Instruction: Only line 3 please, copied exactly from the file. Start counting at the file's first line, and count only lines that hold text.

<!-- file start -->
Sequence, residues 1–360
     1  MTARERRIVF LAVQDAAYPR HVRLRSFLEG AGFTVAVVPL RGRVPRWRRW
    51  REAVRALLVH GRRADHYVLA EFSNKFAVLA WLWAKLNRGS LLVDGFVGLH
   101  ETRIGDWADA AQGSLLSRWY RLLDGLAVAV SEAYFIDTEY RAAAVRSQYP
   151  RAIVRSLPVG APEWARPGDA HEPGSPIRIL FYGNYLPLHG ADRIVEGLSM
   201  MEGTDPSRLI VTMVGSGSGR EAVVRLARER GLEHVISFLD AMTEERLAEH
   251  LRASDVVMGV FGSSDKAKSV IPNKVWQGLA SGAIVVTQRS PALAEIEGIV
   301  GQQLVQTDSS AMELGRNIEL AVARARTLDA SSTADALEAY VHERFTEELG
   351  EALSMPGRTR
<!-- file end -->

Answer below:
    51  REAVRALLVH GRRADHYVLA EFSNKFAVLA WLWAKLNRGS LLVDGFVGLH